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Peripheral vascular disease symptoms

The most common symptom of peripheral vascular disease (PVD) is painful cramping in your leg muscles triggered by physical activity such as walking or climbing the stairs.

The pain usually develops in your calves, but sometimes your hips or thigh muscles can be affected. It can range from mild to severe.

The pain will usually go away after 5-10 minutes when you rest your legs. This pattern of symptoms is known as 'intermittent claudication' (claudication is a Latin term that loosely translates as 'limping').

Other symptoms of PVD may include:

  • hair loss on your legs and feet
  • numbness or weakness in the legs
  • brittle, slow-growing toenails 
  • ulcers (open sores) on your feet and legs, which do not heal
  • changing skin colour on your legs, turning pale or bluish
  • shiny skin 
  • wasting of the muscles in your legs
  • you are unable to feel a pulse in your leg or the pulse feels much weaker than normal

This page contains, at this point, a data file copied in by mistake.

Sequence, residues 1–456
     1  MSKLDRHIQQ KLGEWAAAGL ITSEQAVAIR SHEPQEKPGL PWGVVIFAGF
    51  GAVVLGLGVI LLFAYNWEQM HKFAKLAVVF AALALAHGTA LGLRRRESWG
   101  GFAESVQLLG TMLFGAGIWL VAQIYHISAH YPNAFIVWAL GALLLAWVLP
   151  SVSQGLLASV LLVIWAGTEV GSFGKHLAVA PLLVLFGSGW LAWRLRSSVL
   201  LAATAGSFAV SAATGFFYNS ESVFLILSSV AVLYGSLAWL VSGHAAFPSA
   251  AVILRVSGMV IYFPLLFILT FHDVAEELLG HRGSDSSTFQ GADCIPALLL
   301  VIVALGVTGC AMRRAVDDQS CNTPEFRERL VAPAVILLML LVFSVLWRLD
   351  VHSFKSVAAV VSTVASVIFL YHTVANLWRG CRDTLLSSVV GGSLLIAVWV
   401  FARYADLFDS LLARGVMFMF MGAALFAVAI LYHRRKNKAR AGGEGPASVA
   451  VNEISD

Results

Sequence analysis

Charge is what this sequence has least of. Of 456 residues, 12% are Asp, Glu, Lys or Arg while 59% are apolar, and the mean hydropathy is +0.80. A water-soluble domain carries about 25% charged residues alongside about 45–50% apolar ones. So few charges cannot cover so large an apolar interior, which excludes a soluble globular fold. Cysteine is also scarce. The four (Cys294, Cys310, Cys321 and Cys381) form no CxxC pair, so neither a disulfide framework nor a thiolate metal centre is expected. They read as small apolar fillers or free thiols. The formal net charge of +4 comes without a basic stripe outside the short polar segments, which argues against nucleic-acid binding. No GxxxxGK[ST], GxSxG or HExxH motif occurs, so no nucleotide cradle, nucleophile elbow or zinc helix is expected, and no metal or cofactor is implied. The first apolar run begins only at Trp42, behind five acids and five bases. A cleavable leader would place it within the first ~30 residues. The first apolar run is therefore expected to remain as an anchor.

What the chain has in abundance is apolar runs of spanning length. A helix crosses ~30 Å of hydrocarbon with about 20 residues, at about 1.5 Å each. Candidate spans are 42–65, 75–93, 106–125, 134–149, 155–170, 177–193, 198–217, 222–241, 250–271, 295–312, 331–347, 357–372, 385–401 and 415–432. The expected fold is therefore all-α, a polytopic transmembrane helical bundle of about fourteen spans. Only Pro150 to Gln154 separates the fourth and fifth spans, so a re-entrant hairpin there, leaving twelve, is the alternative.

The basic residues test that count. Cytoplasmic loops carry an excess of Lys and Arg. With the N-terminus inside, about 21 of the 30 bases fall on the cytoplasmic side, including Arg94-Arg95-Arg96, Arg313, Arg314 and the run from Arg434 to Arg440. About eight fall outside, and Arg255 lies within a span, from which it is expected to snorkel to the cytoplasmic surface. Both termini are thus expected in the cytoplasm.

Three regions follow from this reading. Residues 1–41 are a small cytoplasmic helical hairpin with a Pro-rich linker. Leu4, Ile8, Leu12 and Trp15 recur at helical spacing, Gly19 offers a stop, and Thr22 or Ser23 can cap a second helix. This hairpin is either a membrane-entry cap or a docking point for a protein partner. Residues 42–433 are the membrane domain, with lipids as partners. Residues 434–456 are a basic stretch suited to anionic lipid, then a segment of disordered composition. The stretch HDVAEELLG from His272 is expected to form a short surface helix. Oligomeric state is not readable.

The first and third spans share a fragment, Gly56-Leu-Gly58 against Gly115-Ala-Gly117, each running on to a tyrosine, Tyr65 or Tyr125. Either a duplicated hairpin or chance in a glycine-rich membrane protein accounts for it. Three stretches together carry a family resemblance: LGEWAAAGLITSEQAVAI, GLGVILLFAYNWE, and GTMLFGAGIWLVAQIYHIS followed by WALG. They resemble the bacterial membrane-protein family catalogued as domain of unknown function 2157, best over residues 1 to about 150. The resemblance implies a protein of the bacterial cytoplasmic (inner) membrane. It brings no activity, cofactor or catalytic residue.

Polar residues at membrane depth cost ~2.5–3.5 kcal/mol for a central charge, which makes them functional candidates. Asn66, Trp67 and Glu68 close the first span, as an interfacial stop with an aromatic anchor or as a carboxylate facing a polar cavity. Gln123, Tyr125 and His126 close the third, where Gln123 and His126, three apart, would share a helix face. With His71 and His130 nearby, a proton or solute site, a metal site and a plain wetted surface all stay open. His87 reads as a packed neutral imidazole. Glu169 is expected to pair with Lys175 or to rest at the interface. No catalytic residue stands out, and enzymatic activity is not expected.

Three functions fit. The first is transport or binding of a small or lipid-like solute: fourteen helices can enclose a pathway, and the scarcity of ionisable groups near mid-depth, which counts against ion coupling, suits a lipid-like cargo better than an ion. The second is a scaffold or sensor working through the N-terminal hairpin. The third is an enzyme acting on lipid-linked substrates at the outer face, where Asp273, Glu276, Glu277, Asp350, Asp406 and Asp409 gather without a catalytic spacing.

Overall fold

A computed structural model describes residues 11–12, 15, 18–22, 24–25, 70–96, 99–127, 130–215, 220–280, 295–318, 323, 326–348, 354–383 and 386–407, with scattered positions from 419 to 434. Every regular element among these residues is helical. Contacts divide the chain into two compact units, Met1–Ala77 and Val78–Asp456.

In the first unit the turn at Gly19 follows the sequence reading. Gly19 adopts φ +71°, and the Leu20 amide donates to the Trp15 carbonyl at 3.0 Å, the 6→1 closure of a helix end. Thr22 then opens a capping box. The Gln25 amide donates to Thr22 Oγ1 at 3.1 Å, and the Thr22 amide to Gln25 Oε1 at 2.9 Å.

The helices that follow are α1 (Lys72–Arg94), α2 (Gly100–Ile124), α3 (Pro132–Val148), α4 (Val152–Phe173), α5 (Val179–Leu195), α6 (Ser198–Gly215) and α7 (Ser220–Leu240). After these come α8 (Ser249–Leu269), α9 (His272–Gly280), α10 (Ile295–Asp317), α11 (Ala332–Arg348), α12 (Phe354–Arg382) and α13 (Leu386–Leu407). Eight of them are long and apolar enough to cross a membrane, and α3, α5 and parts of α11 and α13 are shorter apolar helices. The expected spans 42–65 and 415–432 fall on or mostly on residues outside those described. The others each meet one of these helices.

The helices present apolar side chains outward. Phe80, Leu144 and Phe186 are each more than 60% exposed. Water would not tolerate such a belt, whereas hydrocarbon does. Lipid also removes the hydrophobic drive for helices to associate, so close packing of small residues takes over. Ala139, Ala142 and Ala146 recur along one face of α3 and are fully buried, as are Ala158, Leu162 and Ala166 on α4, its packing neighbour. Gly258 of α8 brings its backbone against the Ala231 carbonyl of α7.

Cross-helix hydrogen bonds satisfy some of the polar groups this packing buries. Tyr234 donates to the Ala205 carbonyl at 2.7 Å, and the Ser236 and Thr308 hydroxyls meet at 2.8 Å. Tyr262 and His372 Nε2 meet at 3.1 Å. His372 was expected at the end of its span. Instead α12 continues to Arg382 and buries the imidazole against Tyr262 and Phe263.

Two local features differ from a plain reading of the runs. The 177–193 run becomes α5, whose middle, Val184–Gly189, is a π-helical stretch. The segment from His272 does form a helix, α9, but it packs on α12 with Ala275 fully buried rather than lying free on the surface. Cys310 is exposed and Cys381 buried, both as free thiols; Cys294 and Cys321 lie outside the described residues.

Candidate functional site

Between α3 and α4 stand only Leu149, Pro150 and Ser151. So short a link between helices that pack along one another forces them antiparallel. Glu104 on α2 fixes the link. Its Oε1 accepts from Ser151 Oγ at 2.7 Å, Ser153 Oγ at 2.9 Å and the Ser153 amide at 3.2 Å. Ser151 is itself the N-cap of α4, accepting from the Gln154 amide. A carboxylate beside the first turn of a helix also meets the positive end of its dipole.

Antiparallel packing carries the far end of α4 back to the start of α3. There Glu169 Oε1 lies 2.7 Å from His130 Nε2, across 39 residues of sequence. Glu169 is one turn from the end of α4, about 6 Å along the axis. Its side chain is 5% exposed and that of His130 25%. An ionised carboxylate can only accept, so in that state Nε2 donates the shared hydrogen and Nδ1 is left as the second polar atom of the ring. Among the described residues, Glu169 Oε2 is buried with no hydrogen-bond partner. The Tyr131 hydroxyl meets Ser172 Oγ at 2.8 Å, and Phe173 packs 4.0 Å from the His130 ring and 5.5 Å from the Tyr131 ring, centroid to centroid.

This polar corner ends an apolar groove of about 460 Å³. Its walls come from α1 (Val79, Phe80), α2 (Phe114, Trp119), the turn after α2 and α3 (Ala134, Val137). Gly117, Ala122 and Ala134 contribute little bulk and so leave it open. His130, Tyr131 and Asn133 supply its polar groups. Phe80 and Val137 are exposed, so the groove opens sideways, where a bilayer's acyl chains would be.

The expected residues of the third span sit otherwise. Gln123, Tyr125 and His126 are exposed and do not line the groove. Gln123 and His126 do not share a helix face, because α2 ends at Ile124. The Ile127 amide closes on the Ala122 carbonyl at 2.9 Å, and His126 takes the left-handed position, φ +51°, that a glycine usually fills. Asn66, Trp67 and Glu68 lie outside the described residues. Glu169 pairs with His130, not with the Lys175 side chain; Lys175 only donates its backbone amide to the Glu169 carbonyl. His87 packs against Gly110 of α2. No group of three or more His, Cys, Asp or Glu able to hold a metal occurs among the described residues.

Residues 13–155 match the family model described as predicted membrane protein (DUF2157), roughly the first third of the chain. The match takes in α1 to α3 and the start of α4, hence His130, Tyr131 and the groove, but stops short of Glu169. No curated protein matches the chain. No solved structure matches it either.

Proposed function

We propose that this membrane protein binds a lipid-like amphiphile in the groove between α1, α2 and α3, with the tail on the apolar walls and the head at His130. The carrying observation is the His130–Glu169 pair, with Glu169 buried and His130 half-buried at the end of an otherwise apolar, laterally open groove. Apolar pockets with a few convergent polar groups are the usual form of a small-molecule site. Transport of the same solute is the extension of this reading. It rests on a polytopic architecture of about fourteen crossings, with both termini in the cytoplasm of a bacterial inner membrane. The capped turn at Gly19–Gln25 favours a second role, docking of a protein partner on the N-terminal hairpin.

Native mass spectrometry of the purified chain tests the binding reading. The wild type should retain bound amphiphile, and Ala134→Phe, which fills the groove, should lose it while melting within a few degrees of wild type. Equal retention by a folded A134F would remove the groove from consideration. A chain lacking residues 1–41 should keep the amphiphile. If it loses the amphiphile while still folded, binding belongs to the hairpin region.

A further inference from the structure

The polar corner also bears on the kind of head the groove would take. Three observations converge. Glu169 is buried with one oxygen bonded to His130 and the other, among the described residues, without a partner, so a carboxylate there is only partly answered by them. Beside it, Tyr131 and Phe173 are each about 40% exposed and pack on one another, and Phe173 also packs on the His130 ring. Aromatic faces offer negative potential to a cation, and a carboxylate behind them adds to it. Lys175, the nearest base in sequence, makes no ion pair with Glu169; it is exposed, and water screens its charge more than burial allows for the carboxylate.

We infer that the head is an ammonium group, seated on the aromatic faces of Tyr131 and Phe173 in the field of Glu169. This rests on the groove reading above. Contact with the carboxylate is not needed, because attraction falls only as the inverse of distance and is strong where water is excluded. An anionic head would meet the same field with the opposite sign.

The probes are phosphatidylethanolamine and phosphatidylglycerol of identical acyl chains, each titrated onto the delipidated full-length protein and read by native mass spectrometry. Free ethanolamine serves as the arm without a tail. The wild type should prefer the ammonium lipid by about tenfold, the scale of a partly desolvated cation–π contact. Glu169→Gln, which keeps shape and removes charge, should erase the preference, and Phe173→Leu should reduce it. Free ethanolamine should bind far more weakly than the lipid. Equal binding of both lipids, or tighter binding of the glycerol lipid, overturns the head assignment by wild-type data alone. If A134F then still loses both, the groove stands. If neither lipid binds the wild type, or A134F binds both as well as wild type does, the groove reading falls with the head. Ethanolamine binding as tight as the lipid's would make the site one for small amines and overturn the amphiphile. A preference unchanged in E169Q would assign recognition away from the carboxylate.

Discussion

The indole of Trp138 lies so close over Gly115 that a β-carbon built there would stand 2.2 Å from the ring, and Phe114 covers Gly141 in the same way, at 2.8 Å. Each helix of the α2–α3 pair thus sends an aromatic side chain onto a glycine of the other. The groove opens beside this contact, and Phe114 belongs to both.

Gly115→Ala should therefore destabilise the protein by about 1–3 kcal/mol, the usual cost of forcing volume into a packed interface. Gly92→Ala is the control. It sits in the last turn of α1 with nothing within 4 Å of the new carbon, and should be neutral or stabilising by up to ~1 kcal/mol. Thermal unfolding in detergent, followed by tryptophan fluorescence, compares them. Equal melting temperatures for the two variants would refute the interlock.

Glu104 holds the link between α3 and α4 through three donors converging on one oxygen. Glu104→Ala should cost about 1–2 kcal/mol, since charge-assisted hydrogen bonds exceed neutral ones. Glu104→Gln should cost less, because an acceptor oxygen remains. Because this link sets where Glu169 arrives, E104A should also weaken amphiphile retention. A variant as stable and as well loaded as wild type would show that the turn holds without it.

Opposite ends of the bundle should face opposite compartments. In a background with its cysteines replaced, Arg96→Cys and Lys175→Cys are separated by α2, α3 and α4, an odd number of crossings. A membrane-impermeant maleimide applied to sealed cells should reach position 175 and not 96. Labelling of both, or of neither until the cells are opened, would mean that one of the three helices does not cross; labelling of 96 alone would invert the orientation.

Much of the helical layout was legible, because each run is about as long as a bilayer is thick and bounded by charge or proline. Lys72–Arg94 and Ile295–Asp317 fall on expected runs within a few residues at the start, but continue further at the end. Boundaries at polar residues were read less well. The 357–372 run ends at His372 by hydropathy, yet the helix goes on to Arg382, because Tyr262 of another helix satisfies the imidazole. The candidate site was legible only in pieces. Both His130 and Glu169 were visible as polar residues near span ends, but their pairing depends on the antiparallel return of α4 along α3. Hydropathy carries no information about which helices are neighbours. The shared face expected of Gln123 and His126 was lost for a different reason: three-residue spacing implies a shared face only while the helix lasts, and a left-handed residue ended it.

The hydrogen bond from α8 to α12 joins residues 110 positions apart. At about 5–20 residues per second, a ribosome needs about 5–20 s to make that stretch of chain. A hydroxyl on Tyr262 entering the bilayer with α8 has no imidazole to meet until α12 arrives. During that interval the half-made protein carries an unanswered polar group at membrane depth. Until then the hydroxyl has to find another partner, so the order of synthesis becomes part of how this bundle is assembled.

• men may develop impotence (erectile dysfunction).

When to seek medical advice

Many people mistakenly think that recurring episodes of leg pain are part of growing older, but this is not true. There is no reason why a healthy person should experience leg pain.

If you do experience recurring episodes of leg pain, make an appointment with your doctor, especially if you are a smoker, a diabetic, or have high blood pressure and/or high cholesterol.

When to seek urgent medical advice

Some symptoms may suggest that the supply of blood to your legs has become severely restricted and you may need to see a doctor urgently. These include:

  • being unable to move the muscles in the affected leg
  • feeling a burning or prickling sensation in the affected leg
  • your toes suddenly turn blue
  • the skin on your toes or lower limbs becomes cold and numb, and turns reddish and then black or begins to swell and produce foul-smelling pus, causing severe pain.

Sources: myDr (Peripheral arterial disease), NHS Choices, UK (Symptoms of peripheral arterial disease)

Last reviewed: September 2015

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